In his fourth action-packed outing (after 2000's Blood on the Arch), St. Louis cop Joe Keough finds himself embattled on all sides. Just as he's about to chuck his job, Joe is assigned to the East St. Louis PD to assist in investigating an especially nasty serial killer, a blood-curdling creep who preys on pregnant women. Unaware that he has become a pawn in one of the mayor's political games, Joe faces the hostility of the local police, who resent his "interference." In addition, two old nemeses, Angela Mason and Jack Gail of Internal Affairs, are willing to do absolutely anything to destroy his career. Then he gets sidetracked looking into a wife/child beater. As Noel Coward said, "No good deed goes unpunished." No sooner has Joe put the lid on the abuser than the guy is found murdered, leaving Joe the chief suspect. Much of this distracts from the more compelling hunt for the serial killer, and eventually Randisi gets back to business. Keough is no clich cop, but an engaging character with a welcome streak of compassion. His partner, Det. Marc Jeter, a young officer with a fondness for quoting Mark Twain, makes a splendid addition to the cast, and one hopes he will return. Randisi's well-paced procedural keeps the reader asking what happens next right up to the logical and effective finale. (Oct. 14) FYI: Randisi's most recent novel, coauthored with Christine Matthews, is The Masks of Auntie Laveau, the second mystery featuring Gil and Claire Hunt (Forecasts, Dec. 3, 2001). Randisi also writes the Nick Delvecchio and Miles Jacoby series. (c) Copyright PWxyz, LLC. All rights reserved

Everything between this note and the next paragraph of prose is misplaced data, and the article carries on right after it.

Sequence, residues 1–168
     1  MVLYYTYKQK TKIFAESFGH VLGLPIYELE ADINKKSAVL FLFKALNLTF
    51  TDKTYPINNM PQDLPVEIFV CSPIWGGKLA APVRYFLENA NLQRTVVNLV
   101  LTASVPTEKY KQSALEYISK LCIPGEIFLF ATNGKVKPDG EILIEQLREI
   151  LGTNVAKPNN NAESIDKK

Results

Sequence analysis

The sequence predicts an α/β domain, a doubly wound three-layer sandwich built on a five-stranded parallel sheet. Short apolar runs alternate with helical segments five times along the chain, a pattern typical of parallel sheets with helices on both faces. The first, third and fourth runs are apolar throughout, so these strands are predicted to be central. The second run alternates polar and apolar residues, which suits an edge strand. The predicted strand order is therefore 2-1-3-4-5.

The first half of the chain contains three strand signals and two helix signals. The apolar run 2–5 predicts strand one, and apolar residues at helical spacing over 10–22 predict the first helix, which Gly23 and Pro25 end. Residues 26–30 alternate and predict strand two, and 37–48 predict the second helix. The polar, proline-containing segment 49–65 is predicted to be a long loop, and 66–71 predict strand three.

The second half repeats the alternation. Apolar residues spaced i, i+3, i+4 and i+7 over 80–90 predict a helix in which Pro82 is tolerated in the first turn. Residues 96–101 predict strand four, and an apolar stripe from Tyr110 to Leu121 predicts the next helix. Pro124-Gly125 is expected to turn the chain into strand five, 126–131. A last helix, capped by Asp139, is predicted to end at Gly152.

Keough rolled over in bed and bumped into the woman lying next to him. Surprised, he sat up and looked at her, then at the clock on the nightstand beyond her. Three o'clock in the afternoon. Now he remembered. Marie Tobin. He'd met her two years earlier, when he was working on his first case in St. Louis, the Mall Rat thing. She was a very attractive brunette with a seriously sexy body who had come on to him during the case. Back then he'd avoided her because he made it a habit not to fool around with married woman. Also, he was just beginning a relationship with Valerie Speck at the time. Earlier that day he had run into Marie in-of all places-a mall, and the next thing he knew they were back at his house desperately going at it in his bed. Both of the obstacles that had kept them from this when they first met were gone. Oh, she was still married, but he didn't care now. And his relationship with Valerie had ended a few months back, right around the time he'd discovered he had diabetes, and his partner had been killed. There were a lot of things he didn't care much about, these days. "Marie," he said, gently. He touched her shoulder and she turned over onto her back. Her big, brown-tipped breasts were as sexy as ever, but right now he just wanted her to get up and leave. "Marie!" "Hmm?" "It's after three." "Hmm? What?" she asked, sleepily. She lifted her hands to her face and her breasts were no longer leaning to the sides. "Three o'clock," he said. "It's after three. You said you had to pick up your daughter at school." She opened her eyes, looked at him calmly for a moment, then her eyes widened and she said, "Oh shit." She was a flurry of activity then as she sprang off the bed and started searching for her underwear and clothes. She found her panties first and slipped into them, then grabbed her bra from atop a dresser where it had landed when he tossed it, and fitted herself into the cups. After that it was her sweater and jeans, until finally she started looking for her shoes. "Downstairs, I think," Keough said. "Shit, shit, shit," she swore, charging from the room. She was a big girl and made noise pounding down the stairs. He got up, put a robe on to cover his nudity, and went down after her. When he found her she was hopping on one foot, pulling on her second shoe. She looked around, spotted her purse and grabbed it. "Keys, damn it!" she snapped. "In the purse, I think." She stuck her hand in her purse, rattled around a bit and then came out with the keys. "I'm sorry I have to rush, Joe," she said, giving him a fleeing kiss on the lips as she passed on her way to the door. "It's okay," he assured her. "We shouldn't have fallen asleep." That stopped her. With the door half open she looked at him and smiled. "We didn't have much choice," she said, "did we? I mean, we went at it ... like ... wild, right?" "Right," he said, "wild." Although the word "desperate" still said it for him. She took a moment to look at him and asked, "We're not gonna do it again, are we?" "I don't think that would be smart, do you?" he asked. "Maybe not," she said, "but doing it this time wasn't smart either, was it?" "I guess not." "Well ... maybe we'll see each other again in a mall sometime and ... who knows?" He smiled back and echoed her words. "Damn," she said, looking at her watch. "Bye, Joe." He said, "Bye," but by the time he got to "Marie," she was gone, and the door slammed shut. He stood at the front window and watched her drive away, then remained there, staring. Something had changed in Joe Keough. He was making decisions lately he would never have made before, like a spontaneous romp in the hay with a beautiful young married mother. For Marie Tobin it had just been another stolen moment-or afternoon-from an otherwise predictable existence as a wife and mother. For Joe Keough it represented a major change in the way he led his life. Keough thought he was unhappy about where his life had taken him over the past year. His move into the mayor's office had not worked out as planned. He thought that as the mayor's top cop he'd be able to pick and choose his cases. Instead most of his work had involved security for the mayor at fund raisers and political functions, not what he had signed on for at all. He was a detective, not a bodyguard or security specialist. The mayor had a security specialist, and the man didn't like Keough at all. Most of the cops in the city didn't like him much either, because he had become the mayor's "Top Cop." In fact, a recent issue of St. Louis magazine had featured him on the cover with that very sobriquet beneath his picture. He had done the accompanying interview at the mayor's behest, but naturally the mayor was thinking of his own political future when he made the request. Since arriving in St. Louis just over two years ago, Keough had been involved in two very high profile cases and had closed them both out. He was a media darling, and a valuable asset to the mayor's office. His own life, however, seemed to have been put on hold. And then there was the diabetes. Diagnosed about six months ago, during the case that landed him in his present job-a political murder where the body had been found at the base of the Arch-he had not yet come to terms with it. Oh, he thought he had. He took his pills, and drank diet soda, and thought he was unhappy about it, but in reality he wasn't dealing with it at all. He had stopped checking his sugar levels each day, and he constantly broke his "diet" with donuts and beer and other forbidden items. He thought he was dealing with it, but what he was feeling was unmitigated anger, and an immeasurable resentment that this had happened to him before he was even forty. And that was another thing. In a week he would be forty, and where was he? In a job he didn't like, a city far from home-Brooklyn, New York-with no relationships to speak of, not even a partner. His last partner had died of a heart attack during their last case together and shortly afterwards he'd made the move into the mayor's office. He hadn't had a partner in six months, and the romp in the hay with Marie Tobin was the first time he'd had sex in-well, since he broke up with Valerie. The diabetes, the death of his partner, Al Steinbach, and the breakup with Valerie had all occurred during the same tumultuous week in his life. But as bad as all of that was, at least something had happened. That had been the last week in his life that he'd actually felt useful, and alive. He turned away from the window and looked around the living room. Boxes. He'd been there two years and was still surrounded by boxes he had not bothered to unpack since moving from New York. Was that because he knew St. Louis would not be his last stop? That he'd be moving on, again? And if so, what was his next stop? Chapter Two A month earlier Joe Keough had been complaining to the mayor about not having done any real police work-that is, detective work-for some time. Neither one of them could have known how quickly that situation would change. "I need someone experienced with serial homicides, Your Honor," Will Emery, the mayor of East St. Louis, said into the phone. He stared down at the Japanese garden his twin teenaged daughters had given him on his last birthday-the Big Five-Oh-to help manage his stress. It wasn't helping, especially now. "Well, I have just the man for you, Will," his counterpart across the river said. "Your man Keough?" The hopeful tone was plain in the other official's voice. "Exactly." "That's what I was hoping you'd say." "Of course," the mayor said, shrewdly, "we'll have to discuss the terms of the, uh, loan." "Well, of course," Will Emery said. "What kind of terms did you have in mind?" * * * When Keough got to City Hall the next morning he got the word that His Honor wanted to see him right away. Maybe, Keough thought, today should be the day he quit. He'd been tossing around a lot of possible scenarios for a change in his life, but it had come down to two. He could quit the mayor's office and go back to working with the St. Louis PD. Or he could quit altogether and start again in a new city. Every time he thought about that last possibility, though, he thought about the unpacked boxes in his living room. How could he move to another place when he'd never really unpacked for this one? Maybe he just hadn't given St. Louis a fair shot. But had he really had time? His life had seemed to literally explode from the moment he first arrived, right from three-year-old Brady Sanders wandering into the Richmond Heights Police Station leaving a trail of bloody footprints behind him, to the death of his partner, Al Steinbach, and his move into the mayor's office. Bottom line was, as he walked to the mayor's office, he hadn't made up his mind yet. He was ushered directly into the mayor's office. That meant the Man really had something important on his mind. Normally anyone waiting to see him had to do just that. Keough had the feeling it was more a superstition with the mayor than anything else. As he entered the office the mayor was seated behind his desk, talking on the phone. He looked up at Keough and waved him to a chair. Keough sat and watched as the handsome black man talked to some political crony, charming the pants off of him. Working for the mayor was not a bad job. It paid well, and the man was okay, for a politician. It had just gotten so ... stagnant. He wondered again, for the umpteenth time, if going back into the regular department on any level was a viable option. Would they take him back? "Well," the mayor said, hanging up, "I'm glad you came in early today, Joe." Excerpted from East of the Arch by Robert J. Randisi Copyright © 2002 by Robert J. Randisi Excerpted by permission. All rights reserved. No part of this excerpt may be reproduced or reprinted without permission in writing from the publisher.